Last weekend the BBC released an unexpected clarification.
“CHIS, if you are wondering, is a secret source of human intelligence,” said an advertiser at the end of the first episode of the short story Course of action detective drama series.
It was good to hear. Almost 10m people had watched the show and judging from Twitter, many were, like me, bewildered by the ruthless jargon its characters had thrown out, especially the many mentions of what sounded like “chizz” or maybe “spunk.”
“Sorry to ruin your party leader,” said a copper in 40 seconds, but he had just received “a call from a manager at CHIS submitting information”. “We can’t keep it on the DL,” said another, “only if we have a CHIS inside MIT.”
Even for the British, a nation of pub quiz trainpotters who gave the world the jigsaw, it was all a puzzle too far.
But here’s a prediction: if Course of action paws, it won’t be because of the jargon. Tedious plots and misinterpreted actors, perhaps. But now that we viewers know that a CHIS is a snitch and an MIT is a murder investigation team, we’ve crossed a crucial line as to why office lingo manages to get in the way. both unbearable and unstoppable. We have become initiates and frankly we love it.
University research has said it for years, point out this working jargon can make us feel closer to each other and easier to understand – eventually.
When I first joined the Financial Times, I was taken aback by the way people spoke. “It’s on the second front, but we could also put it in the cat flap,” one editor might say.
Translated, this means that a mini version of a story that is on the front page of the businesses section inside the newspaper can be placed at the bottom left of the front page, with an image, for readers know it exists.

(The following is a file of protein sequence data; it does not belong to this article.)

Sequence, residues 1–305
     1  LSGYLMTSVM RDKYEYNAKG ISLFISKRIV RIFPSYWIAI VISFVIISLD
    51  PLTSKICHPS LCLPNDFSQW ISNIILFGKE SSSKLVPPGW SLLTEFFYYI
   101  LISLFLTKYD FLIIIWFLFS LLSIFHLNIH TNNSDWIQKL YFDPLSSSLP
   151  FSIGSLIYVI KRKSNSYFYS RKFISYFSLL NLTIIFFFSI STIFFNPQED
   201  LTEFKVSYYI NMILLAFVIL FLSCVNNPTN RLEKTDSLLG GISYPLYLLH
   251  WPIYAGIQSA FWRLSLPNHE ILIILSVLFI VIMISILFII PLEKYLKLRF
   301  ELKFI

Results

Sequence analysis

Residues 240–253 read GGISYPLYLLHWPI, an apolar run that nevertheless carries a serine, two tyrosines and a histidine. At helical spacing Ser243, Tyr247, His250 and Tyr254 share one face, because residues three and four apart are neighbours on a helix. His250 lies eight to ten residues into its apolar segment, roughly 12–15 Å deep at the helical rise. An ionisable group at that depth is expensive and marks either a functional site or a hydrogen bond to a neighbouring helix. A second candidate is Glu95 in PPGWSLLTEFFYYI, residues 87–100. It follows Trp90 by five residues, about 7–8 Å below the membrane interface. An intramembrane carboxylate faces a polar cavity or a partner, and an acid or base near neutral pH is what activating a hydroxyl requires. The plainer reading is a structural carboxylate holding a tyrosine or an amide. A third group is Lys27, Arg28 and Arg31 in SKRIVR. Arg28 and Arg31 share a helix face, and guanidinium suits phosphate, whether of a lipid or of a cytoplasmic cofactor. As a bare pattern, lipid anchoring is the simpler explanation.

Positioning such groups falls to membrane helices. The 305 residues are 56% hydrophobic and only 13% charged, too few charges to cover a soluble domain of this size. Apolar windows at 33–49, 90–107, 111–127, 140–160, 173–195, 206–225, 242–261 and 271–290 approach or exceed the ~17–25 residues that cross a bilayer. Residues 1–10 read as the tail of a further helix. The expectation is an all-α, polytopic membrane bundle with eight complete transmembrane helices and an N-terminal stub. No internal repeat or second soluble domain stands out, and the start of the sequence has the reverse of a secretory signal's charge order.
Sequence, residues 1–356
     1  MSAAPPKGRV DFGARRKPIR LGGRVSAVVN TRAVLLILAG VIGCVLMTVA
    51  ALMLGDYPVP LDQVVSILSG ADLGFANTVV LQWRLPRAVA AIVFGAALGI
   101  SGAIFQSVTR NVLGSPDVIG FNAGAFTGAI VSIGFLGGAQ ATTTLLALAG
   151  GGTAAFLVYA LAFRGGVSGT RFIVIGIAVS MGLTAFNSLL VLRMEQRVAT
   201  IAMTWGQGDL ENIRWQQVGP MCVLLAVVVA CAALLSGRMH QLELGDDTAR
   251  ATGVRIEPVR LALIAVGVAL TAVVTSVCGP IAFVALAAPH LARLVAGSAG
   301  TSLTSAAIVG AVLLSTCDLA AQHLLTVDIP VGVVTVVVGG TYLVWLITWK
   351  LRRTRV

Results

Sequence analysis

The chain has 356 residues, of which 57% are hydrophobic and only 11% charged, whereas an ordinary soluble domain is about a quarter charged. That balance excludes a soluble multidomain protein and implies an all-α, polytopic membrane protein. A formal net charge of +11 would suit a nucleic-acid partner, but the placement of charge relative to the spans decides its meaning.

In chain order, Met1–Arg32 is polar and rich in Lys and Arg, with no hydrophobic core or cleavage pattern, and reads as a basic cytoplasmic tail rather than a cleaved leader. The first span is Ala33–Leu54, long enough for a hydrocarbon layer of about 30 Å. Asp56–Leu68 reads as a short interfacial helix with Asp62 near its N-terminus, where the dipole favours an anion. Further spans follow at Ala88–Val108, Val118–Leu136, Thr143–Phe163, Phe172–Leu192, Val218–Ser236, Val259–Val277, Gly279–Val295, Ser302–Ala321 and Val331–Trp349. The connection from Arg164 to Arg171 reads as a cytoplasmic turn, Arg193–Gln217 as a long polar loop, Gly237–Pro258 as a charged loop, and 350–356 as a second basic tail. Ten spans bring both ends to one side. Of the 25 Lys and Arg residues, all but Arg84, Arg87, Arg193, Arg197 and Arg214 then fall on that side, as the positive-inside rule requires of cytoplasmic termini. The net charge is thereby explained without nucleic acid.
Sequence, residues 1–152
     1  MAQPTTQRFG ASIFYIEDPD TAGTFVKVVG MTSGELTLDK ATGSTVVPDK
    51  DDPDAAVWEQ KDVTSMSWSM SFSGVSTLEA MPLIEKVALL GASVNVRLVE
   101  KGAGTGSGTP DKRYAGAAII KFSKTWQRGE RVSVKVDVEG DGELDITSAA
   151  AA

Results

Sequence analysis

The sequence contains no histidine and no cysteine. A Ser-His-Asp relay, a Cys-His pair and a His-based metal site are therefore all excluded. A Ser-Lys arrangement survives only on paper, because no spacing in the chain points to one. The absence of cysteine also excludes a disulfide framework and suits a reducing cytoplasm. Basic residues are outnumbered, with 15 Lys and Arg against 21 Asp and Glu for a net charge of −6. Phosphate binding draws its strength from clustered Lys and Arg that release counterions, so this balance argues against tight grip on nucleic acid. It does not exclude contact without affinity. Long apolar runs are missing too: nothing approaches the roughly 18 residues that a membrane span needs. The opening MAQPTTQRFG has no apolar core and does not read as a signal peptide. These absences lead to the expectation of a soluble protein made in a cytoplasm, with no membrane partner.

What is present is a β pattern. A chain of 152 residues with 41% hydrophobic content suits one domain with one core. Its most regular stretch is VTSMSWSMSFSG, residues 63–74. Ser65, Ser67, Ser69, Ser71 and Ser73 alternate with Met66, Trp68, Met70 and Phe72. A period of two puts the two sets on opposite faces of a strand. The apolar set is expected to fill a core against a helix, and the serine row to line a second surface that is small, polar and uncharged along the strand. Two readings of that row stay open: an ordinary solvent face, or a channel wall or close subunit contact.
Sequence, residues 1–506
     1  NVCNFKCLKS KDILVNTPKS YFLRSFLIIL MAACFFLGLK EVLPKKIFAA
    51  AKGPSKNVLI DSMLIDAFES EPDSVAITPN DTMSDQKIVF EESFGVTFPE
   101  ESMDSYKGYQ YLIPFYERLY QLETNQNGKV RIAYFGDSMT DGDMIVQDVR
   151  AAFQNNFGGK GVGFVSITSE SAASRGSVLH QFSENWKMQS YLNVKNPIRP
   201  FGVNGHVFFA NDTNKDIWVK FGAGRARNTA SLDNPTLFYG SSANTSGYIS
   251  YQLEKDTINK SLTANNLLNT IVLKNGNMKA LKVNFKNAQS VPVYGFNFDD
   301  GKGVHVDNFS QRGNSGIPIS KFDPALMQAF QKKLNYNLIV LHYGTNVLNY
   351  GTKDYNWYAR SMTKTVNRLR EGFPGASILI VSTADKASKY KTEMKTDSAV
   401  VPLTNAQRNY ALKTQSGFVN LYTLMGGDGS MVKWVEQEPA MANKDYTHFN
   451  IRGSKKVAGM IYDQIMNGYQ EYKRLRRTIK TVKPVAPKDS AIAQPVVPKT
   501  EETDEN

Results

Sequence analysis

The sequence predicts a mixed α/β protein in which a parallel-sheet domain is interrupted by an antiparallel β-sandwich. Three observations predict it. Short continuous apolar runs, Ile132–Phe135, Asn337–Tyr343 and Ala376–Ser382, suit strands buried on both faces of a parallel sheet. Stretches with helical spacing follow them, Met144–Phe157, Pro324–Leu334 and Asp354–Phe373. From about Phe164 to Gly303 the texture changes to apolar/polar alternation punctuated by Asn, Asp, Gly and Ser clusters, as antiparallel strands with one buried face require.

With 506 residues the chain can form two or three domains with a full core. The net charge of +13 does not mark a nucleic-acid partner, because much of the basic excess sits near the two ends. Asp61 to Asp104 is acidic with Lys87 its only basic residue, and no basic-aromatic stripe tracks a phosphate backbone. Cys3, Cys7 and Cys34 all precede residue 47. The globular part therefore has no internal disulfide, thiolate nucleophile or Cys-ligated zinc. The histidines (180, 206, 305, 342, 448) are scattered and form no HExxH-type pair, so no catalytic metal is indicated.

The cat flap was not to be confused with the “birdcage,” another version of the same thing at the top right of the first page, above the list of “memoirs” – shortened mentions of stories to the interior. And both are different from the “skyline,” an information board at the top of the page that tells readers about other things in the newspaper to entice them to buy it, and the “splash,” the main story in first page.
Once you get the hang of it all, you can say something to someone faster and more accurately than if you try to do it without the internal shorthand. I’m sure the same sometimes applies inside the police force, the military, and other infamous repositories of jargon. The problem arises when crazy jargon is deliberately used to obscure the meaning. “We properly assess support roles” may sound better than “we fire office assistants”, but it does not inspire trust or respect.
Yet a recent study suggests that there’s another, more embarrassing reason why the lingo persists: we like to use it to show off, especially when we don’t feel safe. American researchers discovered this after asking a group of MBA students to imagine they were entrepreneurs competing with other start-up founders for venture capital funding.
The students received two descriptions of their business. Both documents contained the same basic information, but one was jam-packed with buzzwords like “disintermediation” and “leverage” and the other was not.
Can you guess which one the students chose when told they were arguing against successful MBA graduates, rather than modest undergraduates? Indeed, they were much more likely to choose the jargon-scrambled terrain when they felt they had less status than their rivals. Worse, when researchers analyzed 64,000 submissions, they found that authors from lower-ranked universities were more likely to insert acronyms and jargon into their titles than those from more sophisticated colleges.
The conclusion, I fear, is obvious. No matter what we say, we will never give up on the jargon. And anyone who thinks otherwise should immediately begin to capitalize on a deal for a paradigm shift around the thought leadership space.